In the UV photos that appear below on the right, you can see what hidden sun damage looks like. Compare these UV photos with the color photos on the left. As you scroll down the page, youll see how much sun damage can accumulate with age.

The more sun damage we accumulate, the greater our risk for developing skin cancer and prematurely aged skin.

18 months of age

This boy’s UV photo shows he does not have sun-damaged skin.

4 years of age

Early sun damage starts to show. Notice the freckling across his nose and cheeks in the UV photo .

17 years of age

This teenager’s UV photo shows that she already has a significant amount of hidden sun damage.

37 years of age

This woman’s hidden sun damage is clearly visible in her UV photo .

52 years of age

The sun has prematurely aged this woman’s skin. In her UV photo , you can see the extent of her hidden sun damage.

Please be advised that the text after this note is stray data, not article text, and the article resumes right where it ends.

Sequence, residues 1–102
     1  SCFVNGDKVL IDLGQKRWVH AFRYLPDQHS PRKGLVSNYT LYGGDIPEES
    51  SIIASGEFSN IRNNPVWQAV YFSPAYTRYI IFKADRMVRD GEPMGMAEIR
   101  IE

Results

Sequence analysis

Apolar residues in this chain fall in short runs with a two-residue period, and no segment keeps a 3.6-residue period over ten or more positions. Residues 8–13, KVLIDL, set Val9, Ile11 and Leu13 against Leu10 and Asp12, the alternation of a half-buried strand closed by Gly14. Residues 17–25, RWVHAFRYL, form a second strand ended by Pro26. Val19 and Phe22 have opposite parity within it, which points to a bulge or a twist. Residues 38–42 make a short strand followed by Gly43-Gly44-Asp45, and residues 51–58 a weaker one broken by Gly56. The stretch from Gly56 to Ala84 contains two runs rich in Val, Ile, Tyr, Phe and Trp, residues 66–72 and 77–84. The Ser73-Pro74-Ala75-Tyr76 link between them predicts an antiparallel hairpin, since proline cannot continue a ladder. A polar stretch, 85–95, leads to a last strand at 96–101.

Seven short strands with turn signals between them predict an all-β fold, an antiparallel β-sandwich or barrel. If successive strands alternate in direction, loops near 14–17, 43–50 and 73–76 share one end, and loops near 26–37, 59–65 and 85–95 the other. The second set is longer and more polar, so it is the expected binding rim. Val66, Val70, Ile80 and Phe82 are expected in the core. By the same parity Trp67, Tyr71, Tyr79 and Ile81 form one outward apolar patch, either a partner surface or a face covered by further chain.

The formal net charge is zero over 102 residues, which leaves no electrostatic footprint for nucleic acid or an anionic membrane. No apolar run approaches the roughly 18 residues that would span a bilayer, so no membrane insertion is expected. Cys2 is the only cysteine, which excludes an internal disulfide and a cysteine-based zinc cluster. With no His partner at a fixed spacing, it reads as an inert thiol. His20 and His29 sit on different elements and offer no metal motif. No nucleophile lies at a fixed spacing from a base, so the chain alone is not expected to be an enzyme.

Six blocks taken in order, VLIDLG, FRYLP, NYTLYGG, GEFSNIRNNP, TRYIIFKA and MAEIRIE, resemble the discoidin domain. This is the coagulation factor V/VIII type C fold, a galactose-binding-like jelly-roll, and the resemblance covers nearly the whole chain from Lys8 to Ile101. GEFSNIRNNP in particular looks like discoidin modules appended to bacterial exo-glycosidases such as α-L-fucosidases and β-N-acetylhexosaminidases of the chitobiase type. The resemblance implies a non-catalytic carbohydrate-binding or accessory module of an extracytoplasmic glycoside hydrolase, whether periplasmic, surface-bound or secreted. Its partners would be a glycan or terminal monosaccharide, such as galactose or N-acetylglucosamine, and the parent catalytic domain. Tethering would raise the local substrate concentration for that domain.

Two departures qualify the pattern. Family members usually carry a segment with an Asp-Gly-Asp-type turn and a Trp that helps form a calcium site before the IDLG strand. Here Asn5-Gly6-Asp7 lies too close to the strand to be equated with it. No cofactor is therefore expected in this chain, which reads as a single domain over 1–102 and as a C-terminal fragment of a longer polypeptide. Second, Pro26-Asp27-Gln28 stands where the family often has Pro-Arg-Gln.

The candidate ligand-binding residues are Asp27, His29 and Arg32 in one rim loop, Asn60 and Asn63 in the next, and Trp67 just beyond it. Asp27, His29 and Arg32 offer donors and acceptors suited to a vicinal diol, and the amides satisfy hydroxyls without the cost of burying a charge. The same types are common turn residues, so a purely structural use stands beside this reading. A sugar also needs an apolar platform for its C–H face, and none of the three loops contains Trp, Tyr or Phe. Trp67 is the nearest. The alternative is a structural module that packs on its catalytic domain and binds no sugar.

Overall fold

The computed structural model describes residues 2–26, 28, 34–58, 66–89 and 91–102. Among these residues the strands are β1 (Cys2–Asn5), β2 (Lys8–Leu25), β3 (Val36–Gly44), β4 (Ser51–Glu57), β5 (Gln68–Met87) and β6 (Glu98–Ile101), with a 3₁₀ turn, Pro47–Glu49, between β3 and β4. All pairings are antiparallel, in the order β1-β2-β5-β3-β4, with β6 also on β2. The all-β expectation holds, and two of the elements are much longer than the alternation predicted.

64 years of age

This beach-community resident’s skin chronicles a lifetime of sun exposure. Her UV photo reveals the true extent of the sun damage.

ImagesPhotos provided courtesy of David H. McDaniel, MD, FAAD

All content solely developed by the American Academy of Dermatology

The American Academy of Dermatology gratefully acknowledges the support from DermStore.

Can You Reverse Sun Damage What Doctors Want You To Know

The effects from your last sunburn or tan can be permanent.

I have a confession to make. I hate to admit it, since my career and life revolve around wellness, and I’m supposed to do all the healthy things. But, I just can’t help the fact that I love a good tan and I hate self-tanner .